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KYOTO, JAPAN: Day 2 – February 13, 2015

Published on: April 12, 2015

For our 2nd day, we first went to a UNESCO World Heritage site: The Tō-ji Temple (Kyo-o-gokuji Temple).


To-ji, means “East Temple”.  It is one of the oldest temples in Kyoto and is the only surviving guardian temple  and before it was with Sai-Ji, means “West Temple” which was destroyed by fire in 1233. It was constructed to stood on the East  side of the Rashomon Gate which guards the main southern entrance of Kyoto.
General Admission: ¥ 500 for adults. Price may vary and depends on the season.


Entrance going to To-ji Temple

The Toji Pagoda
The Toji Pagoda is well known for being Japan’s tallest wooden pagoda with a height of 57 meters. Given Japan’s seismic instability, this pagoda is earthquake proof! Japanese builders used three design techniques: Wide and heavy eaves that act as the stabilizers from the movement, disconnected floors to allow loose movement during shakes, and shinbashira—a massive central pillar of the pagoda that can absorb shakes and shocks. A lightning rod was also added on top of the pagoda since fire-by-lightning-strikes are one of the main reasons of wooden pagodas are destroyed.


Kondo and Kodo
Kyo-o-gokuji Kondo is a large temple hall that houses a Buddha statue and some Bodhisattva sculptures. Unfortunately, photos are not allowed inside. Built in 796, the kondo was one of Japan’s national treasures.


Another cheesy photo


Kodo is another building that was a place for lectures and public discourse. Kodo in To-ji is Japan’s most important cultural property as it contains the many national treasures.



Purification Fountain
When visiting a temple or shrine in Japan, you will notice that there are fountains at the entrance. Traditionally, you have to take a ladle, fill it up with fresh water and wash both your hands. You also need to wash your mouth and spit the water beside the fountain. Note that you cannot directly transfer the water from the ladle to your mouth and you can not drink the water as well.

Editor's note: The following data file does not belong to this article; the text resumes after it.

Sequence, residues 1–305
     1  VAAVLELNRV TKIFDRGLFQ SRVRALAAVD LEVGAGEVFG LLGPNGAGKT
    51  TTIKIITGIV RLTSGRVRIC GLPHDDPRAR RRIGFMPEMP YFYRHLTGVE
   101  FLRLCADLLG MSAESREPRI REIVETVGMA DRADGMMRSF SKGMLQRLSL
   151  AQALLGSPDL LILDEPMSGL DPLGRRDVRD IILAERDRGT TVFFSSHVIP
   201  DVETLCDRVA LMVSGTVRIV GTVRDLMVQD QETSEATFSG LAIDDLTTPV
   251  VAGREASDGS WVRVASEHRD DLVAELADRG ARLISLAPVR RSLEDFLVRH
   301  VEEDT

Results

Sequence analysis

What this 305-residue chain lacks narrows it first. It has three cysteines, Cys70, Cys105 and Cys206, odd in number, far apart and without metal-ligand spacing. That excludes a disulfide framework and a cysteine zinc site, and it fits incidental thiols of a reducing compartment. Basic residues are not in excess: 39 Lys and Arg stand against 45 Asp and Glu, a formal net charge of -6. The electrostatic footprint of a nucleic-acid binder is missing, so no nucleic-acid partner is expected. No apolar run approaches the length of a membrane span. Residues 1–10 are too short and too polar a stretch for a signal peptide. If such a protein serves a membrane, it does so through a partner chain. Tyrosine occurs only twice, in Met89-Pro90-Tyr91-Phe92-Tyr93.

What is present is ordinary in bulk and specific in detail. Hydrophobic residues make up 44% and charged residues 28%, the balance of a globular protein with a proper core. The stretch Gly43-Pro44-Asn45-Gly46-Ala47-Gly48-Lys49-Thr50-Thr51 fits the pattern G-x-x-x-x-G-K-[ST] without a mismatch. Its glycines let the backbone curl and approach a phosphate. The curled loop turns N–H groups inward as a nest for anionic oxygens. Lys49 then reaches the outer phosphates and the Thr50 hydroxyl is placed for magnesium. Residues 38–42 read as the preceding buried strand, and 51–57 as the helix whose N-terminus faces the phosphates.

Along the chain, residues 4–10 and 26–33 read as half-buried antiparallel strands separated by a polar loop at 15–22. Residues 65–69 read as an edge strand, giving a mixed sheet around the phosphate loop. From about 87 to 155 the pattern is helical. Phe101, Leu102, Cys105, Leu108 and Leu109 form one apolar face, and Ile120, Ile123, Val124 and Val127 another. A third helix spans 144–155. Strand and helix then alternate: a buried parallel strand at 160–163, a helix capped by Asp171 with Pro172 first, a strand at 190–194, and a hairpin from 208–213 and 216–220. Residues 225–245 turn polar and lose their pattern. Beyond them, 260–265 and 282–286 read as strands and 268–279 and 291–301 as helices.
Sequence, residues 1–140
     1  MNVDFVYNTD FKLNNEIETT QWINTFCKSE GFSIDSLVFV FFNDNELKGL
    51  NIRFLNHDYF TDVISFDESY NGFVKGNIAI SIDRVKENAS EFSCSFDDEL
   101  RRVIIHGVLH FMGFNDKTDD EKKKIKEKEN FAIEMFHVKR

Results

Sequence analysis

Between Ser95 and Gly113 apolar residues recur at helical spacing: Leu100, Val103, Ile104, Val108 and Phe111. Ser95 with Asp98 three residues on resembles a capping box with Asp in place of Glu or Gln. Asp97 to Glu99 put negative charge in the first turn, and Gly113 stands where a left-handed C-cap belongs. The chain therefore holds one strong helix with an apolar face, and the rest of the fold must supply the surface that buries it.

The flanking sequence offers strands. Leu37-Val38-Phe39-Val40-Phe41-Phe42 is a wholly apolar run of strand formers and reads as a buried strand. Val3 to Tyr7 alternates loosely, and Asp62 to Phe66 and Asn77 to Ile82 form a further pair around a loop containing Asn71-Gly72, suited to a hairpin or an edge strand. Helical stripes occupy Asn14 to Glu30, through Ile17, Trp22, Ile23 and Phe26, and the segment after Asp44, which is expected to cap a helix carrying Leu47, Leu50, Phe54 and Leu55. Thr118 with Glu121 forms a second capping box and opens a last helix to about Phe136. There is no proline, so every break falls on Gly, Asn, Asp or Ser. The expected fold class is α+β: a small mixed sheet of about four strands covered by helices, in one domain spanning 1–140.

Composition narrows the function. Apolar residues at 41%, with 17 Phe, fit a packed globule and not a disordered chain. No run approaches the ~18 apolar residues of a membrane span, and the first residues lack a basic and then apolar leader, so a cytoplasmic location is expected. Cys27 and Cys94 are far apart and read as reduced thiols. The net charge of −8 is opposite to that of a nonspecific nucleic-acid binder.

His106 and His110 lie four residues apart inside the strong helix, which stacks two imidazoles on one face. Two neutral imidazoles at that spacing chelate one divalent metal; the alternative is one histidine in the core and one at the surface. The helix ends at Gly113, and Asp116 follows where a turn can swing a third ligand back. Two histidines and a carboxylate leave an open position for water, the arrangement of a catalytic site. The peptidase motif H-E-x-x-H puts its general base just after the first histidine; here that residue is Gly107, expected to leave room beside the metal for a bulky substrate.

Flea markets are held every 21st of the month. Sadly, we did not experience it because of the timing but it didn’t make our trip to the To-ji less special because it made us appreciate the beauty of place without tents and crowd!


After our trip in To-ji Temple, we  passed by at the Kawaramachi market street before heading to Higashiyama District.



Lanterns at Nishiki Tenmangu Shrine located in Kawaramachi area of downtown Kyoto, Japan.

Higashiyama District 
Higashiyama is known as a well-preserved historic district in Eastern Kyoto. A walk between the  Kiyomizudera and Yasaka Shrine is a way to experience the old capital city where you will find traditional wooden houses, merchant shops and paved floors.
Kiyomizudera Temple
Arriving at Kiyomizudera Temple, we were greeted by a colorful Vermilion Gate of the Deva Kings.


The main hall was under repair maintenance that time so I only had few photos of the place.





Kiyomizudera Temple is an independent Buddhist temple and also listed as a UNESCO World Heritage Site. With Japanese construction techniques, not a single nail was used in this structure.
One of the tradition during the Edo period is the 13 meter high jump from the Kiyomizudera veranda; if you survived, your wish will be granted. Presently, this practice is no longer allowed.  It would not be fun seeing tourist jumping off ! Yikes!


Ema are wooden wishing plaques that can be purchased at Japanese shrines for you to write your wishes and hang it up. (This is a way better option that jumping off the cliff. Haha! )


Eave details – Duo Gong bracket system



View from the gate of Kiyomizudera Temple


Higashiyama Street


Existing the Kiyomizudera Temple, we walked through the historical street of Higashiyama.





Yasaka Pagoda
The Yasaka Pagoda which was a part of Hokanji temple, is a very visible and recognizable landmark in the Higashiyama.  It is the only structure left after the temple was destroyed by fires and earthquake over the years.

Yasaka Shrine
Capped our trip at the Yasaka Shrine. Yasaka shrine (once called Gion Shrine) hosts the Gion Matsuri, the biggest festival in Kyoto celebrated in July. It also attracts millions of worshipers of Hatsu-mode during new year, where worshippers seek to take home a sacred flame from the shrine to cook the first meal for the year known as Okera Mairi.
During our visit there, it was unfortunate that the main hall was also under maintenance repairs and we were not able to see it. The dance hall was open though.



The shrine’s Nishi-romon gate at night

Time to go back to the apartment.

Photos taken: February 2015


PREVIOUS: OSAKA, JAPAN: DAY 1 – February 12, 2015

NEXT: OSAKA, JAPAN: DAY 3 – February 13, 2015





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